Early-fall heat waves notwithstanding, COMDEF is a good place to take another kind of temperature reading.
The conference — held annually at the National Press Club the week of the Labor Day holiday and heavily attended by defense industry executives and foreign military attaches — is a good opportunity to get a sense of Pentagon acquisition and budget leaders’ priorities for the rest of the year. This year delivered a few surprises amid the now-sadly-standard pleas for Congress to pass a yearlong defense spending bill.
Frank Kendall hinted that he might release one more update to Better Buying Power, the initiative designed to get the Pentagon more bang for its buck when buying weapons. The defense undersecretary for acquisition, technology and logistics said he wants to focus Version 4.0 on sustainment, the money the Pentagon pours into the weapons after they buy them. (Think of it like this: After buying a car, you still need to get oil changes, install new brakes and tires over time, not to mention anything unexpected that pops up along the way.)
This is a huge deal; it would affect just about everything the Pentagon buys — everything. The military spends tens of billions of dollars annually to maintain its aircraft, ships, tanks, trucks and tons of other types of equipment. It’s part of the reason why Boeing can eat more than $1 billion as problems crop up in building the Air Force’s new tanker, and still expect to turn a profit over the 179 planes’ operating lives.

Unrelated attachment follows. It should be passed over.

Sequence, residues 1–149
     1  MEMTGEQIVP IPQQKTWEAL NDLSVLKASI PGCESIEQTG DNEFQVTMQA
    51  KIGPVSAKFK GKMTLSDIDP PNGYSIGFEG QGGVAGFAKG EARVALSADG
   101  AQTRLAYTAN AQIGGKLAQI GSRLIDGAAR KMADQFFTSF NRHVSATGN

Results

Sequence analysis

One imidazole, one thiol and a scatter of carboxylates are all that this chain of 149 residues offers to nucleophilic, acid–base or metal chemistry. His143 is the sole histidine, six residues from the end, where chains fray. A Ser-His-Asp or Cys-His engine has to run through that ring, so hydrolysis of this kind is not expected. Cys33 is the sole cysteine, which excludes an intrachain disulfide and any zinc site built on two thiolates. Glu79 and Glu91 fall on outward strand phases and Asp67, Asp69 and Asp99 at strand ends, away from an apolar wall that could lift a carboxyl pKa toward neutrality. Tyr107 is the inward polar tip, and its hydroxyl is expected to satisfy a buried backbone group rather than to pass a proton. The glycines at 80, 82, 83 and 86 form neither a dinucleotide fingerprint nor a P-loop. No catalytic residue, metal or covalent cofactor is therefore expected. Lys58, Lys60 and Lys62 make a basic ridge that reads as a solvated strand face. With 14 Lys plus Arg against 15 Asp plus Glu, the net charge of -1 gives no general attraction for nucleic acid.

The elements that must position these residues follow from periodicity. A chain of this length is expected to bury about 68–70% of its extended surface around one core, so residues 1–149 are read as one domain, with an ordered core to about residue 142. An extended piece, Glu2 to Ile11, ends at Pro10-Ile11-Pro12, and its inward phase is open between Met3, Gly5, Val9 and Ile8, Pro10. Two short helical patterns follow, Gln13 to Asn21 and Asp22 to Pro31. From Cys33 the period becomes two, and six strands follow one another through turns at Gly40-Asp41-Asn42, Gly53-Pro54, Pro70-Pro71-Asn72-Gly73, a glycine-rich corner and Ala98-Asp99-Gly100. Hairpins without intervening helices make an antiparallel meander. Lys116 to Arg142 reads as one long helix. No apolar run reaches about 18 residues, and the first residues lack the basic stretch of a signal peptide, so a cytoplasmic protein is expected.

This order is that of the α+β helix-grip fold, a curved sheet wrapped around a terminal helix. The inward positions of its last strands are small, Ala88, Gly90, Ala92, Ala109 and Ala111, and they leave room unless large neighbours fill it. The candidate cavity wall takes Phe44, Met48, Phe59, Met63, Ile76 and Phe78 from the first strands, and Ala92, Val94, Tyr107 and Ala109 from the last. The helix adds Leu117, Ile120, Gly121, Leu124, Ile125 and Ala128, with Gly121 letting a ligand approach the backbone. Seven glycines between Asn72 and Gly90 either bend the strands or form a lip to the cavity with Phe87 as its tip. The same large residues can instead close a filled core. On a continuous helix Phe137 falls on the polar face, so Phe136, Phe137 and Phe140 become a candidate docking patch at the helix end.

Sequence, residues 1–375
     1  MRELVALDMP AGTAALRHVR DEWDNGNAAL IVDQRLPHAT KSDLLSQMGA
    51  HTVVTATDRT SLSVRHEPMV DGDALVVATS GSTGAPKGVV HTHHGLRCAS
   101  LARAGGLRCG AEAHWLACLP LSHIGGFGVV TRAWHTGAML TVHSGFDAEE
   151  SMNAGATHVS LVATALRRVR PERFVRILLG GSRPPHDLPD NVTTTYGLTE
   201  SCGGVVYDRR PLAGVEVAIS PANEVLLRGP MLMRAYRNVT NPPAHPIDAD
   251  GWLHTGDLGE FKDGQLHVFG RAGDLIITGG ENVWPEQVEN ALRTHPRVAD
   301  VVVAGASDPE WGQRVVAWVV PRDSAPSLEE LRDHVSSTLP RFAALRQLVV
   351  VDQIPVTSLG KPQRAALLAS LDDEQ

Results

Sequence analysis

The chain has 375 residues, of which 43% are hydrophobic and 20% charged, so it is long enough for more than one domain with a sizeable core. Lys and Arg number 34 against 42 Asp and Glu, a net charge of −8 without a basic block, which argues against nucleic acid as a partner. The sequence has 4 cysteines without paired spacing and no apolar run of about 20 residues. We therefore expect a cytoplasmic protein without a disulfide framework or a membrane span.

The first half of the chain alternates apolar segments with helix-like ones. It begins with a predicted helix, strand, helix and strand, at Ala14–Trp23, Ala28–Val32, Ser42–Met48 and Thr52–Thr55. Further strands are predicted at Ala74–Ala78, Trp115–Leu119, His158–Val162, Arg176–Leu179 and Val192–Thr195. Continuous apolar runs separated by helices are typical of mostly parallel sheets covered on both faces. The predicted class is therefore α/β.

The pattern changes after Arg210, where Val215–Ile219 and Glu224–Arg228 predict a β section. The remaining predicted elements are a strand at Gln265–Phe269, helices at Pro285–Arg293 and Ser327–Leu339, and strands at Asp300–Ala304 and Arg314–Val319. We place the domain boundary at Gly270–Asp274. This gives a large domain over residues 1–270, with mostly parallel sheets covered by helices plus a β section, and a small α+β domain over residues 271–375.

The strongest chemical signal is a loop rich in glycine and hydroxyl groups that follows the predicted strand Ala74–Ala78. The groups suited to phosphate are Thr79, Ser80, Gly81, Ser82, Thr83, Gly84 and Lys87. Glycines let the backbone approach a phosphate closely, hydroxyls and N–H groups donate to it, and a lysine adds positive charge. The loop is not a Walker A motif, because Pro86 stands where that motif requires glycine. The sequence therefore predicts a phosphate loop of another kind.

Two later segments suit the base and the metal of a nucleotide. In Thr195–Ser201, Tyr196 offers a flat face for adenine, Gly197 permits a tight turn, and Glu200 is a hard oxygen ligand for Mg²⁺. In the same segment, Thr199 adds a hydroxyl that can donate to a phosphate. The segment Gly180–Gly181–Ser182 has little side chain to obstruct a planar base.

Kendall said he’s already started working the new draft, called Better Buying Power 4.0. Remember: Kendall’s predecessor, now Defense Secretary Ash Carter created Better Buying Power and Kendall has updated it twice with 2.0 and 3.0 versions.
“I don’t feel that we take sustainment cost into account enough in source selection,” Kendall said referring to the period when the Pentagon chooses companies to build expensive weapons. “It’s hard to do that because those costs are a long, long way away.”
Kendall says Carter and his reforms are working in their quest to negotiate better contracts and he has the data to back it up. Now he enters new territory in the sustainment world and for good reason.
“For just about every major acquisition program, well over half of the total lifecycle cost comes in operations and sustainment,” said Todd Harrison of the Center for Strategic and International Studies.